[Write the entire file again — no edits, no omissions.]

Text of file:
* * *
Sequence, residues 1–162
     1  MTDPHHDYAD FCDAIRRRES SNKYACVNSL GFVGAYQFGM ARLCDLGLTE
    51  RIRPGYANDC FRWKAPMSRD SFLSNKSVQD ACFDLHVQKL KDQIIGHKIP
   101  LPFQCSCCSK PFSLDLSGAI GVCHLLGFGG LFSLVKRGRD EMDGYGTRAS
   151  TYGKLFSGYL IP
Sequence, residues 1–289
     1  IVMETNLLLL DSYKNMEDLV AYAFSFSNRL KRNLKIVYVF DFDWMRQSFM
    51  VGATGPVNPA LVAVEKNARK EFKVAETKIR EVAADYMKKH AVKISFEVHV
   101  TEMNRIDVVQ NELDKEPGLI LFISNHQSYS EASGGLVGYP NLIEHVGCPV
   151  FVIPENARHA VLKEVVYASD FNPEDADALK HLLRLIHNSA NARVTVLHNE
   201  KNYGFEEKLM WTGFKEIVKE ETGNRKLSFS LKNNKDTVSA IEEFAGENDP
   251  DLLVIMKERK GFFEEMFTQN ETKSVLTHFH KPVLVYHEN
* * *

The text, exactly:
Sequence, residues 1–162
     1  MTDPHHDYAD FCDAIRRRES SNKYACVNSL GFVGAYQFGM ARLCDLGLTE
    51  RIRPGYANDC FRWKAPMSRD SFLSNKSVQD ACFDLHVQKL KDQIIGHKIP
   101  LPFQCSCCSK PFSLDLSGAI GVCHLLGFGG LFSLVKRGRD EMDGYGTRAS
   151  TYGKLFSGYL IP
Sequence, residues 1–289
     1  IVMETNLLLL DSYKNMEDLV AYAFSFSNRL KRNLKIVYVF DFDWMRQSFM
    51  VGATGPVNPA LVAVEKNARK EFKVAETKIR EVAADYMKKH AVKISFEVHV
   101  TEMNRIDVVQ NELDKEPGLI LFISNHQSYS EASGGLVGYP NLIEHVGCPV
   151  FVIPENARHA VLKEVVYASD FNPEDADALK HLLRLIHNSA NARVTVLHNE
   201  KNYGFEEKLM WTGFKEIVKE ETGNRKLSFS LKNNKDTVSA IEEFAGENDP
   251  DLLVIMKERK GFFEEMFTQN ETKSVLTHFH KPVLVYHEN